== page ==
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AfDB predicts growth rebound in Africa by 3% in 2021

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Africa should experience a rebound in economic growth of 3% in 2021 against -3.4% in the worst case scenario for 2020 if the Covid-19 crisis is not brought under control, predicts the African Development Bank (AfDB) in the supplement to a report on “African Economic Outlook 2020”.

In a comprehensive socio-economic assessment of the impact of the pandemic, the African Development Bank notes that growth should rebound to 3% in 2021, against -3.4% in the worst case scenario for 2020, mentions a note of which APA (African Press Agency) has received a copy.

According to the supplement to the report, nearly fourty-nine million Africans could be plunged into extreme poverty because of the pandemic, particularly in West and Central Africa, where the pandemic continues to progress.

Predictions from the Bank’s African Economic Outlook supplement, published on January 30, point out that Africa’s growth was previously forecast at 3.9% in 2020 and 4.1% in 2021.

In addition, the supplement warns that growth prospects for 2021 and beyond would largely depend on the effectiveness of African governments in flattening the curve of the epidemic and policies to reopen economies.

In this context, governments and development partners must intervene in a better coordinated, more targeted and faster manner to effectively limit the repercussions of the Covid-19 crisis, notes the AfDB.

“To reopen economies, policymakers should adopt a gradual and gradual approach that carefully assesses the trade-offs between too fast a recovery in economic activity and the preservation of people’s health,” said Charles Leyeka Lufumpa, chief economist Acting and Vice President for Economic Governance and Knowledge Management at the Bank.  

Economic activities can be relaunched gradually on the basis of the risks of transmission from the various sectors, indicates the report which notes that on the clinical level, only twenty-one of the fifty-four countries of Africa have the means to cope with epidemics.

The supplement shows that the pandemic curve in Africa is gradually flattening out. However, given the inadequacies of health systems and social protection, the virus remains a threat to human life.

According to the Bank report, Africa could lose between 145.5 billion and 189.7 billion US dollars in growth in 2020.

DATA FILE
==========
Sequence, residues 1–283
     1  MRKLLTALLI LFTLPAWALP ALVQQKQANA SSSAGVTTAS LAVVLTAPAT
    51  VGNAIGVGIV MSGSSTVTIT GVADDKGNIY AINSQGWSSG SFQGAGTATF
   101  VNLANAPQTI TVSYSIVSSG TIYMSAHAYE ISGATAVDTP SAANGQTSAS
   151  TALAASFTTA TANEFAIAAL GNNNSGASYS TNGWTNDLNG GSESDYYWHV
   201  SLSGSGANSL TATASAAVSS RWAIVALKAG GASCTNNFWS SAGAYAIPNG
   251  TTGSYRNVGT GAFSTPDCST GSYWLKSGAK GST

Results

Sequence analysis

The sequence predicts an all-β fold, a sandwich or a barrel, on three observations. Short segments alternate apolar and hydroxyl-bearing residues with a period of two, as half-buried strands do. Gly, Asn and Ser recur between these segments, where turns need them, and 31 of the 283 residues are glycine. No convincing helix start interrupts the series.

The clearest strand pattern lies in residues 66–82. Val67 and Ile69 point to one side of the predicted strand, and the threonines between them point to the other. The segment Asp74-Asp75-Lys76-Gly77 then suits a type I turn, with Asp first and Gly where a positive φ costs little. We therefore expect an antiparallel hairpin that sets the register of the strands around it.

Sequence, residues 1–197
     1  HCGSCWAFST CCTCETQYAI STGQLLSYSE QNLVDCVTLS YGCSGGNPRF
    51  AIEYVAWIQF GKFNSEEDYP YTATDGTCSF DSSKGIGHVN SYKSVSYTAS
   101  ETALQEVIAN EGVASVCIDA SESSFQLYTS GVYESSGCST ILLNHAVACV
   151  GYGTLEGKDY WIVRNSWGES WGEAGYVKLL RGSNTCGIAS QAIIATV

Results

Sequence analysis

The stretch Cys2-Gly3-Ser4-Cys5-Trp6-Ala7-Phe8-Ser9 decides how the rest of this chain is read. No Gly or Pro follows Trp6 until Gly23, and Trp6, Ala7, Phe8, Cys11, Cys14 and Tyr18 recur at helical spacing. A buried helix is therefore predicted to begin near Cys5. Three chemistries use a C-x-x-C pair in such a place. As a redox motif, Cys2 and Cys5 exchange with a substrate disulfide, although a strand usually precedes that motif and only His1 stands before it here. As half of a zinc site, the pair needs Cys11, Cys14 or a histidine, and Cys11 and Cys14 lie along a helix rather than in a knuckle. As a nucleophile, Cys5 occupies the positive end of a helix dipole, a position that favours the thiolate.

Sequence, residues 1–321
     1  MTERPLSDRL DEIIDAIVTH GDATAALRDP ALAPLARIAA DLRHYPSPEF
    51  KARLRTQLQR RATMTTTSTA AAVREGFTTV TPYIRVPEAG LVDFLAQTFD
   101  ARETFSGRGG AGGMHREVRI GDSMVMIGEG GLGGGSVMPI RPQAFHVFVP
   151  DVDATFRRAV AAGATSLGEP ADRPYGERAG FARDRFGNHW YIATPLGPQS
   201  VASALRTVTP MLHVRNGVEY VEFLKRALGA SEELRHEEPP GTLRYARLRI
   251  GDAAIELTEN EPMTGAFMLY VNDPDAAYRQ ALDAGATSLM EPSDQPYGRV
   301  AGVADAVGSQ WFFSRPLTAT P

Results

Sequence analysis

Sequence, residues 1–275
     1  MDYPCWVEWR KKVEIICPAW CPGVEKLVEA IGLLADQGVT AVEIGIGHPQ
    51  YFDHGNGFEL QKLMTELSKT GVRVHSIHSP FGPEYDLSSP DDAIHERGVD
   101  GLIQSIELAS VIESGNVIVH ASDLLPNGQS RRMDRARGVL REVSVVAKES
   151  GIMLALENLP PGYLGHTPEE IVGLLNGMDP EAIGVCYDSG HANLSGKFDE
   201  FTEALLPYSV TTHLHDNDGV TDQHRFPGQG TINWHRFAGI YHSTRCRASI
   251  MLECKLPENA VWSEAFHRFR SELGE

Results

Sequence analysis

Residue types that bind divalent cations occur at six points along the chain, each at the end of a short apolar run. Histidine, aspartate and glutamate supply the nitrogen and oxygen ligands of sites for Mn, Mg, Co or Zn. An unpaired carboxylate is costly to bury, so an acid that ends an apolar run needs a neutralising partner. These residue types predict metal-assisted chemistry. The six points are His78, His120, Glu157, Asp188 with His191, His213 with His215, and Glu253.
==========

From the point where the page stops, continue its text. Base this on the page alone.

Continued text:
Hanan Morsy, Director of the Macroeconomic Policy, Forecasting and Research Department at the African Development Bank says that the Africa Economic Outlook 2020 supplement shows that for the first time in half a century, Africa would face to an economic recession due to the fallout from the Covid-19 pandemic.

This would affect progress in poverty reduction as it is estimated that 49 million Africans could be pushed into poverty, with around 30 million jobs on the verge of loss.

The institution also suggests new labor market regulation policies intended to protect employees and jobs, as well as structural policies intended to enable African economies to rebuild and  improve their resilience to future shocks.

Tourism, transport and leisure will certainly be the sectors that will take the longest to leave. Between 2017 and 2018, the tourism and travel sector in Africa grew by 5.6% (international average of 3.9%), the note continues.

According to Morsy, the supplement predicted that in the worst-case scenario, an additional fourty-nine million Africans could be pushed into extreme poverty by virtue of the pandemic. The number of people living in extreme poverty in Africa (using the international poverty line of $ 1.90) could reach 453.4 million in 2020 due to the pandemic, against 425.2 million in a scenario without pandemic .

West and Central African populations are at higher risk of falling into extreme poverty due to the pandemic, but Covid-19 could also worsen poverty in East Africa.

Confirmed cases of Covid-19 in fifty-four African countries amounted to 304,642 for 8,087 deaths reported as of June 22, 2020. But according to the note, in reality the reported figures were probably higher due to the limited testing capabilities in the most countrie.

 – APA

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